Obese children who consume at least two servings of any type of cow's milk daily are more likely to have lower fasting insulin, indicating better blood sugar control, according to researchers at The University of Texas Health Science Center at Houston (UTHealth)
The findings of the study, to be presented at the European Congress on Obesity in Vienna tomorrow (Friday, 25 May), reiterate the importance of milk in the child's diet despite its declining consumption.
"Our findings indicate that obese children who consume at least the daily recommended amount of milk may have more favorable sugar handling and this could help guard against metabolic syndrome," said Michael Yafi, M.D., the study's first author. "Worryingly, only one in 10 young people in our study were consuming the recommended amount of milk."
"Parents have started to look at milk, not as a good thing and they are wary of it. The message to them is not to be scared of milk, or to limit its consumption, and to encourage children of all ages to keep drinking it freely," said Mona Eissa, M.D., M.P.H., Ph.D., the study's principal investigator.
Metabolic syndrome is defined as the presence of at least three of five conditions that increase the risk of diabetes, heart disease, and stroke – high levels of blood sugar or triglycerides, high blood pressure, excess belly fat, and low "good" cholesterol levels. A third of American children and teens are overweight or obese, which is closely linked to the development of metabolic syndrome.
"The findings that milk has a healthy effect on high insulin level, which may lead to type 2 diabetes, are significant, particularly given the growing prevalence of this condition among children nowadays," said Eissa, corresponding author.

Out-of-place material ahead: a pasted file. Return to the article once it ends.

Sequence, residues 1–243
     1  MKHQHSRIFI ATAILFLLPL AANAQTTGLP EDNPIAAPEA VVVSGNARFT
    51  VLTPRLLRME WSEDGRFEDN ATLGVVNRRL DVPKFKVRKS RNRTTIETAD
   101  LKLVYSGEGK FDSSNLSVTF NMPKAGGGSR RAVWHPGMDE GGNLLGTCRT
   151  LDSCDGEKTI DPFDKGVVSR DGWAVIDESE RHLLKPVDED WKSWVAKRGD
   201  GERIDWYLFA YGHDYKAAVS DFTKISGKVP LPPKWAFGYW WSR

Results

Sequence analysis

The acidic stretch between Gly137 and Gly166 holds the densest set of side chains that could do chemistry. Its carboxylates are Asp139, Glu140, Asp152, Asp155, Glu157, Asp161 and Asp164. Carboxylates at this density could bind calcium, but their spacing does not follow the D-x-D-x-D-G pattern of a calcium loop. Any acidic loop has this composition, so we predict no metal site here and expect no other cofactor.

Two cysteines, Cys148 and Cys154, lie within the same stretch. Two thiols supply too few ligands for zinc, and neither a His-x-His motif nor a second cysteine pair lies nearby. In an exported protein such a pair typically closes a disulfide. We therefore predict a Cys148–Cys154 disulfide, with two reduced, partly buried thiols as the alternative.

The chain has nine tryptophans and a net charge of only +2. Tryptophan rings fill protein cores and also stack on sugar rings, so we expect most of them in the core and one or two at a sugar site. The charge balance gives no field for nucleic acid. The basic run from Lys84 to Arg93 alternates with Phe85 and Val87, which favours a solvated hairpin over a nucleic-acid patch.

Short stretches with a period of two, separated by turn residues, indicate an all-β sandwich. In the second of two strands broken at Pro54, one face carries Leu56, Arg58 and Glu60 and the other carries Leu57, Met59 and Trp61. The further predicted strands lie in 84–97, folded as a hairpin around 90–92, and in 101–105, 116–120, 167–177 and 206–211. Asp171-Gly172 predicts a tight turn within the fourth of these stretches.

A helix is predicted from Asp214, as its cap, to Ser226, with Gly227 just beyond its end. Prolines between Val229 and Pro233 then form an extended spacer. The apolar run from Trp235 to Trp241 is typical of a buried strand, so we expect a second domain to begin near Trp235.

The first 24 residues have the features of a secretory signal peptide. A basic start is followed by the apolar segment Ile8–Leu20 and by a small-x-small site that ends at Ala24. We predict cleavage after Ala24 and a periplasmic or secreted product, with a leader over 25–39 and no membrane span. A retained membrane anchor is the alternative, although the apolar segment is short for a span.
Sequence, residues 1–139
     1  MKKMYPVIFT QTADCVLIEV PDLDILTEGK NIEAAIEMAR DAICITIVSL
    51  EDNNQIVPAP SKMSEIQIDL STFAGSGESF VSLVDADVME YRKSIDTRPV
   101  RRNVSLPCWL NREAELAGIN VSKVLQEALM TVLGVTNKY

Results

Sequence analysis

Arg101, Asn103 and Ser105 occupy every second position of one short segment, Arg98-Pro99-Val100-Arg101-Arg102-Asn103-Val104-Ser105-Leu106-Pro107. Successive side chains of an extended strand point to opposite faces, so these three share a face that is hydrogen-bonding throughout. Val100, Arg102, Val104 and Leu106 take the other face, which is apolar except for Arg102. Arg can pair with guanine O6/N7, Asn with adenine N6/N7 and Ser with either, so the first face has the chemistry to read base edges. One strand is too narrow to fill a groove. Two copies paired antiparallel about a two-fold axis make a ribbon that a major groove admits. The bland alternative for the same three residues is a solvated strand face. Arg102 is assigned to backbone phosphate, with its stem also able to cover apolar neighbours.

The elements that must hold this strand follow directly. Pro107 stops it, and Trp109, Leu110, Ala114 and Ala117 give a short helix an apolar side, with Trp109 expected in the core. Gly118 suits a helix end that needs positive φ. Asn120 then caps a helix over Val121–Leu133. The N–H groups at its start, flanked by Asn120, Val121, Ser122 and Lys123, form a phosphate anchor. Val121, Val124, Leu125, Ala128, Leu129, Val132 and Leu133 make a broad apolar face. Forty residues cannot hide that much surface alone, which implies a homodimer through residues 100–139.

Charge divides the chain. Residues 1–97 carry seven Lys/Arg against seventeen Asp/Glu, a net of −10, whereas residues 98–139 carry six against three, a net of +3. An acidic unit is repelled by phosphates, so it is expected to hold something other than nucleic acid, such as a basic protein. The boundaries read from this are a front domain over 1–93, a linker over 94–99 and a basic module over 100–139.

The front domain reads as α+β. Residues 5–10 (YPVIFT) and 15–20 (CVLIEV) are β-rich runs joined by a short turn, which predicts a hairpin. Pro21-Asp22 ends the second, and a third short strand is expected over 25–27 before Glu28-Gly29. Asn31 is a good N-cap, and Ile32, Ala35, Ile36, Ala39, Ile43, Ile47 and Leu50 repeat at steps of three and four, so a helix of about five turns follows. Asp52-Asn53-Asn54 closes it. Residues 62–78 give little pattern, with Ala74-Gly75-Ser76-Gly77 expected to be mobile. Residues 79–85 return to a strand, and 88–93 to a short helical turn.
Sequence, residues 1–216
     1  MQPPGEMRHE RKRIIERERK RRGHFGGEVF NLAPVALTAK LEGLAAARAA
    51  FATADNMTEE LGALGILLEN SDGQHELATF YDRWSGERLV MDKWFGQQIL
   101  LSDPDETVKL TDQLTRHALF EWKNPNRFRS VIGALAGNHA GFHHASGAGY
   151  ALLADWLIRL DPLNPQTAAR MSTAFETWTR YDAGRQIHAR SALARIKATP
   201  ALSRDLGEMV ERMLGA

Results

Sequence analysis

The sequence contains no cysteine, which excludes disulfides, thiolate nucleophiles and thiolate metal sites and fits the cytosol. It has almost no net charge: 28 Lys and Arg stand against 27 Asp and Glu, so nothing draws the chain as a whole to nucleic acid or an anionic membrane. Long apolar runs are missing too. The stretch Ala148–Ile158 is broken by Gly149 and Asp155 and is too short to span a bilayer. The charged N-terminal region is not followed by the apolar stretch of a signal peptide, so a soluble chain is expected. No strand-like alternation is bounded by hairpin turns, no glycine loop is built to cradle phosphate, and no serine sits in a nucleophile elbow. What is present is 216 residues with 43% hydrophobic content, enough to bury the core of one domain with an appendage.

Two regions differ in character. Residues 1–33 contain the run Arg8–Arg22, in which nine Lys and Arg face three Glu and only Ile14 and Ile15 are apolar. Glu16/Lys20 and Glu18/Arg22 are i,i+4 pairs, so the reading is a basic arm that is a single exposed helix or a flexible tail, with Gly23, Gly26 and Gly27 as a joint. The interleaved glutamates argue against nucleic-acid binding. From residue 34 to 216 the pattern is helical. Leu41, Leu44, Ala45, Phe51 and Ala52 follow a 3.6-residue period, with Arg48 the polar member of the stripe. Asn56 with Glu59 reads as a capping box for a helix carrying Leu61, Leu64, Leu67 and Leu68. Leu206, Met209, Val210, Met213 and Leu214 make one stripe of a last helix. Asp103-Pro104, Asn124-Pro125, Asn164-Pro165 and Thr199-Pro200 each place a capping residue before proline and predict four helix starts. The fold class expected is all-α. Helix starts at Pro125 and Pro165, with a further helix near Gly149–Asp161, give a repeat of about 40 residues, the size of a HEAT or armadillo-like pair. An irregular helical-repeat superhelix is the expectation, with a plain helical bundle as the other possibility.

Assesment of Daily milk intake with fasting levels
The investigators assessed daily milk intake and its association with fasting levels of insulin – the hormone that stabilizes blood sugar and a biomarker for metabolic syndrome risk – in obese children and adolescents attending a pediatric weight management clinic.
They carried out a retrospective chart review of 353 obese children and adolescents over a two-year period (between December 2008 and December 2010). Information on fasting serum insulin was available for nearly half of the participants at their first visit.
The research team also recorded information on daily milk intake, milk types, daily fruit juice and other sugary drinks intake, fasting blood glucose and insulin sensitivity.
More than half of the participants, all between the ages of 3 and 18, were male; three quarters were Hispanics, and the average age was 11.3 years.
On average only 23 of 171 children reported drinking the daily recommended intake of two to three cups. Girls reported drinking less milk than boys, but no difference in consumption was noted by ethnicity.
The study also found that under half (44%) of children who reported drinking less than one cup a day had below the normal upper levels of fasting insulin, compared to almost three-quarters (72%) of children who reported drinking more than two cups a day.
Overall, children who drank less than one cup of milk each day had significantly higher levels of fasting insulin than those who drank at least two cups a day.
"The link between sugary drinks and childhood obesity is well-documented. Vitamin D deficiency has also been connected to this. By contrast, from a preventive perspective, our pilot study suggests that milk intake is not only safe but also may protect against the development of metabolic syndrome," Eissa said.
"Yet fewer children are drinking enough, especially with growing concerns over fat content and dairy intolerance. Only a small percentage of children are intolerant to milk so parents shouldn't be afraid of milk or cut back on it," Eissa added.
"Nonetheless this still presents reasonable grounds to stick with the recommended daily amount and to make friends again with milk," Eissa added.